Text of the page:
Local auto dealer Martin 'Hoot' McInerney dies

Michael Martinez
The Detroit News

Martin "Hoot" McInerney, who owned several dealerships throughout Metro Detroit and was "an icon among dealers," died Monday at home, according to the A.J. Desmond & Sons Funeral Home.

Martin “Hoot” McInerney, who owned several auto dealerships throughout Metro Detroit, died Monday at the age of 86.

He was 86.

Mr. McInerney's showrooms included Star Lincoln Mercury in Southfield and McInerney Toyota in Mount Clemens.

He also sold other brands at dealerships from Michigan to Hawaii, including Ford, Chrysler and Cadillac.

His far reach earned him renown from professionals both locally and nationwide, friends said.

"He was an icon among dealers and respected in the community," said Rod Alberts, executive director of the Detroit Auto Dealers Association, who knew him for years.

Mr. McInerney also wasn't shy about sharing his views on auto industry trends or ideas for the annual auto show in Detroit.

"Anytime Hoot called you, he'd tell you straight up if he didn't like something," Alberts said. "You always knew where you stood with the guy. He was a forthright, honest and caring man."

That insight and prominence made Mr. McInerney a go-to guy for reporters and columnists writing about changes and developments in the auto industry.

Interviewed by The Detroit News in 2008 about consumer incentives, he said: "They'd like to give more, but they can't — there is already $6,000 on the hood of an F-150. I've put my own money and gas cards into deals. The dealers got to because the factory can't anymore."

In 1999, Mr. McInerney described how dealers from a bygone era handled the arrivals of new car models.

"The public introduction was a big production, a big party, in the late 1940s," McInerney told the News. "There'd be searchlights outside the dealerships all up and down Gratiot, Grand River, Michigan, Woodward and Jefferson. Shoppers and lookers would go from place to place, kicking tires and slamming doors like they were really serious about buying.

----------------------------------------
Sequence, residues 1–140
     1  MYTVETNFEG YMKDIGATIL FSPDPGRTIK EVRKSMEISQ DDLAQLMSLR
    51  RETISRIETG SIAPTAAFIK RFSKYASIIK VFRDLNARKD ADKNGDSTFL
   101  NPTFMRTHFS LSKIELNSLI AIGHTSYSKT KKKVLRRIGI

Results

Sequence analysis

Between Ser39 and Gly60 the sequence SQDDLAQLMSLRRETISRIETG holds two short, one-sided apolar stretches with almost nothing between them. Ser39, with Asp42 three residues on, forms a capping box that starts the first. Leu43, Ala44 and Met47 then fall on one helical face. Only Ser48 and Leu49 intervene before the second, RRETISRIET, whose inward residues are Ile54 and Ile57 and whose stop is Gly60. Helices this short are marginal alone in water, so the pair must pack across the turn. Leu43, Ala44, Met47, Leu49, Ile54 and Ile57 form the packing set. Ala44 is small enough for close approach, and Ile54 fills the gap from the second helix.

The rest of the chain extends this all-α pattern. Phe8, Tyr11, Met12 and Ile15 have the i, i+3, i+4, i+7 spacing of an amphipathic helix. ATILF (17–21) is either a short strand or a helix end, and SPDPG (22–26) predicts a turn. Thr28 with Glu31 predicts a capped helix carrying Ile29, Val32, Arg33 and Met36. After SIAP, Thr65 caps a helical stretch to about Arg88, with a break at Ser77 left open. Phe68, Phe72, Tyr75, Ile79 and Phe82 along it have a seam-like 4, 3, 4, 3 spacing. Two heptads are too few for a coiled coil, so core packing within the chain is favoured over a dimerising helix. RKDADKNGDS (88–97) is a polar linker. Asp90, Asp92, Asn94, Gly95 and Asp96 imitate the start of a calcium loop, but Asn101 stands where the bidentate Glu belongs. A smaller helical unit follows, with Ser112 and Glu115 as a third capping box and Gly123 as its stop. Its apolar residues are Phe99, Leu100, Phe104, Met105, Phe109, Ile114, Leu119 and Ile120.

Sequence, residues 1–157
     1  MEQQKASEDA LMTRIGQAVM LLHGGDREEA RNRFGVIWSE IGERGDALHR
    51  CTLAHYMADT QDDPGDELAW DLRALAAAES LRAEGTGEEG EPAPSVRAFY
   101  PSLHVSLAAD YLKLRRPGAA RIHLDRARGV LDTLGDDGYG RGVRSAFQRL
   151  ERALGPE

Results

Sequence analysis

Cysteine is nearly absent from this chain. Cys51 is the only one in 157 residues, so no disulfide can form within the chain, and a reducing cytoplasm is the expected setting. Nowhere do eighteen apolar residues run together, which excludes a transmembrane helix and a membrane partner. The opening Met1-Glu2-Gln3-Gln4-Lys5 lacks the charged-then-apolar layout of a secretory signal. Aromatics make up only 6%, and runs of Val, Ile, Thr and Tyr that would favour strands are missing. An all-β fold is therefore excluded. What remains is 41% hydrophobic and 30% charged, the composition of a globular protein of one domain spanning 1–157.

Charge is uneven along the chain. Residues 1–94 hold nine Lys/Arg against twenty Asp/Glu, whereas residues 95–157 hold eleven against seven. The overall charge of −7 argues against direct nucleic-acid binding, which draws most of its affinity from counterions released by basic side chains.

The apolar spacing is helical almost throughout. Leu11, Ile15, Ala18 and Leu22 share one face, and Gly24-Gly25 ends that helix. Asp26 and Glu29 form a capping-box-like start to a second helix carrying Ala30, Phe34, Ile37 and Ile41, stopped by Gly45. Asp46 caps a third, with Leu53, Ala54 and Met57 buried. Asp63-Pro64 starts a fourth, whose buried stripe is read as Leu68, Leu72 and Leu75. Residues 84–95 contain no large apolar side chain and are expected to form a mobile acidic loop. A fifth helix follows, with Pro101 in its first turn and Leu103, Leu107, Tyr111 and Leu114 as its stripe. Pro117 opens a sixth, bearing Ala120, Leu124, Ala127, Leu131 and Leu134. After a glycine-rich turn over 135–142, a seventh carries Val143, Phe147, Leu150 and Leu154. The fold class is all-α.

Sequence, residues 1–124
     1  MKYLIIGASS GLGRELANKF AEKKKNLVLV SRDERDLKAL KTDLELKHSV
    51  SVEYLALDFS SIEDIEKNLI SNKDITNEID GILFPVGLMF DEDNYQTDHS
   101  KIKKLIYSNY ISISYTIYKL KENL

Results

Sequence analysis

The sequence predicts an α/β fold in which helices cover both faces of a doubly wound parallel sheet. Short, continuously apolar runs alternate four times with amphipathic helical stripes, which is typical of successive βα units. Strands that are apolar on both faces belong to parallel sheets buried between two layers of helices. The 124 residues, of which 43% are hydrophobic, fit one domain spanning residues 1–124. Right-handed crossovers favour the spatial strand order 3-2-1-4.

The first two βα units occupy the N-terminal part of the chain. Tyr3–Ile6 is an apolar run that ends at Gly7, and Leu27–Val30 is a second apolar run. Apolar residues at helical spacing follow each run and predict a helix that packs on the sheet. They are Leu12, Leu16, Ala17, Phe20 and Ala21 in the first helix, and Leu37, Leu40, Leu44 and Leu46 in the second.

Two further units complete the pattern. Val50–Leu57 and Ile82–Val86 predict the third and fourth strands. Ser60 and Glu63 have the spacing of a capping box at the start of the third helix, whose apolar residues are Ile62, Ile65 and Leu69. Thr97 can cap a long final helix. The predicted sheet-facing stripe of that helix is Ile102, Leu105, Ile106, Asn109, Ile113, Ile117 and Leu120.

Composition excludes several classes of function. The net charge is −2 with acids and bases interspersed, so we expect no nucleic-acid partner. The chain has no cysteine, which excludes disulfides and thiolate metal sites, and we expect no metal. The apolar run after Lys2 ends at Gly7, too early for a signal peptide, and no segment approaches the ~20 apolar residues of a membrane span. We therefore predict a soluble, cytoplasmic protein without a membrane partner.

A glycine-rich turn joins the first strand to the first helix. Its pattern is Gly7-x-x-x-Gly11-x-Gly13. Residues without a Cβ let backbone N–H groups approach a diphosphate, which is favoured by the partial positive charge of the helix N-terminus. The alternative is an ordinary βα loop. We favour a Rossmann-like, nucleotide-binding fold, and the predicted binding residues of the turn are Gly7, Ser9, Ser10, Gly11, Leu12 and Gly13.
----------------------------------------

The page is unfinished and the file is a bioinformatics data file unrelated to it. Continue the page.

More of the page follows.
"We'd have contests and fill up a car with tennis balls or something else and give it away to the customer who guessed the right number. There'd be balloons and clowns and music — anything to one-up the dealer down the street.

"We hung brown wrapping paper all over the showroom windows for three or four days before the big night while we unwrapped the new cars," McInerney continued. "People would stop out at the curb and come over and try to find a gap in the paper where they could see what the new models looked like. Most of the time they looked just like the old ones, and that was the tough part.

"We were selling mystery ... intrigue. I learned a long time ago that, in this business, when you don't have the steak, you have to sell the sizzle."

Mr. McInerney had previously served as a Marine and was a veteran of the Korean War.

He grew up on the east side of Detroit and is said to have met with Pope John Paul II, President Gerald Ford and singer Frank Sinatra, and played golf with Bob Hope, according to a Detroit News article from 2005.

Mr. McInerney also was involved with various charities and groups, friends said.

He supported the Old Newsboys Goodfellow Fund of Detroit and in 2003 received the Goodfellow of the Year Award, according to Detroit News archives.

In 2009, he was a presenting sponsor of the Keeping Kids in the Game, a benefit for Children's Hospital of Michigan, C.S. Mott Children's Hospital, Fundacion Chamos Venezolanos in former Detroit Tiger Carlos Guillen's native Venezuela, and the Detroit Tigers Foundation.

Alberts said the auto dealer also had ties to the Rainbow Connection, a Michigan-based nonprofit that fulfills the wishes of youths with life-threatening illnesses.

Once, upon learning that a terminally ill youngster's health had worsened while having his wish granted out of state, Mr. McInerney "had his plane bring the young man home," Alberts said. "He was that kind of guy. … He was well-known and well-respected, but most of his good deeds he never said much about."

He is survived by his wife of 64 years, Patricia; daughters Linda Belgrave, Karen Leonhard and Janice; sons Robert and James; brother John "Jack"; and sister Joanne Persico. He was predeceased by a sister, Mary Cischke.

There will be a brief visitation at 10 a.m. Friday followed by a funeral Mass at 11 a.m. at St. Hugo of the Hills Church at 2215 Opdyke in Bloomfield Hills.

Donations can be made to the Society of St. Vincent de Paul in his honor.


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